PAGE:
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Comment: Re:end of pc gaming (Score 1) 383

by Miaomiao (#38559770) Attached to: Crysis 2 Most Pirated Game of 2011

I was talking about pirates, not myself. :P

Remember: Time is money, pirating costs time, buying costs money. And you got it exactly right 17 year olds are more likely to not be able to afford a high end computer, so will have more antiquated computers.

I still play a lot of Quake III, so I bump into more 30 and 40 year olds there actually. :)

Also quick disclaimer: I've never played, downloaded, pirated or know anyone who plays Crysis 2.

So I'm looking at "Have fun playing on your antiquated hardware with a bunch of 17 year olds." and thinking, what? You need a little more of a meaty comment to chew on there.

Comment: It might be most pirated... (Score 1) 383

by Miaomiao (#38559628) Attached to: Crysis 2 Most Pirated Game of 2011

But how many people kept it on their computers for over a week?

I'd bet a good chunk of those are from "Will my computer run Crysis 2?" or "Is this game worth buying or is it garbage?" throw in a few hoarders (You know, those ones who pirate everything, but never play a thing) on top of poor college students who are surviving on ramen noodles.

Also, since beta leaked before the actual final version, I'd bet many folks who bought it pirated it before hand, just to see if it would be worth their money.

Comment: Re:Amazing (Score 2) 181

by Miaomiao (#38407094) Attached to: No SOPA Vote Until 2012

You don't need a terrorist organization, we have what's needed to do this already.

Anybody with a vendetta against a website can basically shut it down with a bit of effort, pretending to be an organization.

Good old fashioned internet trolls will cause mass chaos if this actually goes into effect as written.

Comment: Re:WoW improvements (Score 1) 197

by Miaomiao (#37698388) Attached to: <em>WoW</em> To Add Avenue For Real-Money Gold Buying

By the way: Raid finder is only for the current tier raid (Deathwing) not older raids, you have it backwards. Big thing is it's on an "easy" difficulty only, so you don't get the "best" gear from it. This will probably change, most people are wanting to do normal and even heroic content with raid finder raids.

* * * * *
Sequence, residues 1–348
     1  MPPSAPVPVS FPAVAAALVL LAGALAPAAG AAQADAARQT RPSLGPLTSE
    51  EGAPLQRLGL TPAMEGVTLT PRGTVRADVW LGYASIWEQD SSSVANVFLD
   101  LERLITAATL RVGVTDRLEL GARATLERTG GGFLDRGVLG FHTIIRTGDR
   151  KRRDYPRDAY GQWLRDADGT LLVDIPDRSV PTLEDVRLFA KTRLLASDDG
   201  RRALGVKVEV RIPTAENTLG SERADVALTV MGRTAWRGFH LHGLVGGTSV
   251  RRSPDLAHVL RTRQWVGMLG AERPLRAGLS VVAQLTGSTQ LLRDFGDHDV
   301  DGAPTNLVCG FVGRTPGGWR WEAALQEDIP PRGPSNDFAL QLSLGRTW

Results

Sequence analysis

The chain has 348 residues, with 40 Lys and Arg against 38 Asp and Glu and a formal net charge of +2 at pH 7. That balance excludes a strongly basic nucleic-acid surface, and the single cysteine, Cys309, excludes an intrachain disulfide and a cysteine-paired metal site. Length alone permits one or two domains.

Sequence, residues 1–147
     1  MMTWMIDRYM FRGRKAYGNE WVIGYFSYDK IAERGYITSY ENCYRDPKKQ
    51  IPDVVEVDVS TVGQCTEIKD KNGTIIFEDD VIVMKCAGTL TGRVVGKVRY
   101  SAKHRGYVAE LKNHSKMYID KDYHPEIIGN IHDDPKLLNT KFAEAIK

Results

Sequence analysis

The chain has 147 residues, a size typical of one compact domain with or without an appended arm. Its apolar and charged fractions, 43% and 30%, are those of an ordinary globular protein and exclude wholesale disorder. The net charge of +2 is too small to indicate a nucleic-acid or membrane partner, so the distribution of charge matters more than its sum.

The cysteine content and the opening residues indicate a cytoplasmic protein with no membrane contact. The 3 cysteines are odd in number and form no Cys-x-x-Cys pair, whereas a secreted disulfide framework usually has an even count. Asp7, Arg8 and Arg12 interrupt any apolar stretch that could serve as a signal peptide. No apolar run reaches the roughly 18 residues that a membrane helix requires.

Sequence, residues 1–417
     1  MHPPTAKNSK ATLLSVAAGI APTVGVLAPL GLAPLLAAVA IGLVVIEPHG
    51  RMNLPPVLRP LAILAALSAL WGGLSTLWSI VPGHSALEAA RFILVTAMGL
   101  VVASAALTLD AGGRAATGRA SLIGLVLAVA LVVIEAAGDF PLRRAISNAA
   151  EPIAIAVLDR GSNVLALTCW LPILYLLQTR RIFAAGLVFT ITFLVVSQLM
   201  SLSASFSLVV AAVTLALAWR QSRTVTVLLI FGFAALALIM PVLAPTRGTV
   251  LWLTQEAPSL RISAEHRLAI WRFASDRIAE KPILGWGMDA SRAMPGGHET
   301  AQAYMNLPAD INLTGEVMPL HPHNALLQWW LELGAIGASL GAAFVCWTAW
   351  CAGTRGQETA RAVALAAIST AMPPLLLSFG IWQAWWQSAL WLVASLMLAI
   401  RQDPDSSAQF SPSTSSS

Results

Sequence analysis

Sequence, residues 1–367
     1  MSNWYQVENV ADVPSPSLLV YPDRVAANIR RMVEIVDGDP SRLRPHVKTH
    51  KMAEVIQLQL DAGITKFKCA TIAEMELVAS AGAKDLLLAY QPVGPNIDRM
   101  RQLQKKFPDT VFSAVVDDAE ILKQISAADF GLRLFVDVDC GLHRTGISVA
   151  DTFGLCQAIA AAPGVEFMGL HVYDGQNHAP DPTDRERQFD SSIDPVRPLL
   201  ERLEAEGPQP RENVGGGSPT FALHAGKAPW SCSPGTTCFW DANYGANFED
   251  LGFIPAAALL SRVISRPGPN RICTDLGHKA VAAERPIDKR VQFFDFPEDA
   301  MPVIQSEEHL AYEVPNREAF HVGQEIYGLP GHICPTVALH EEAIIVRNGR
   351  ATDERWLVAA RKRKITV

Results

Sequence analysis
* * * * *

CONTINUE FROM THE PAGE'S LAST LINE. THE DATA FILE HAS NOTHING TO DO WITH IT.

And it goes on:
We'll probably see raid locks go away eventually, there's a hardcore mentality that things have to stay "hard" in terms of needing lots of time invested, instead of "hard" as a form of challenge. They serve an important purpose allowing people to take more time to finish raids, which tend to be giant instances taking hours and hours of time. If it takes you 6 hours to kill all the bosses, having your time investment go away after you leave is bad. Most guilds spread these across 2~3 days in smaller chunks. Many guilds even invest just an hour a night in raiding, making it their main focus.

As far as rez sickness, as well as the waiting time, they're an integral part of world pvp. Without them you end up in situations where new players are camped for hours on end.

Comment: Re:Goes to prove the point . . . (Score 1) 496

by Miaomiao (#36870772) Attached to: Gates: Not Much To Show For $5B Spent On Education

It's more than just parents, it is a factor, but it isn't a big thing.

What would help more than anything would be simply to hire more teachers. Classes are overcrowded, and you have ratios of 50~70 students to one teacher.

In the past, students who fell behind could be caught and individually helped by teachers, right now, there's just too many students per teacher to be able to catch up, so students who don't get help at home don't have a chance. Add onto that kids today having to pick up more than their parents did, and you end up with even willing parents who can't help.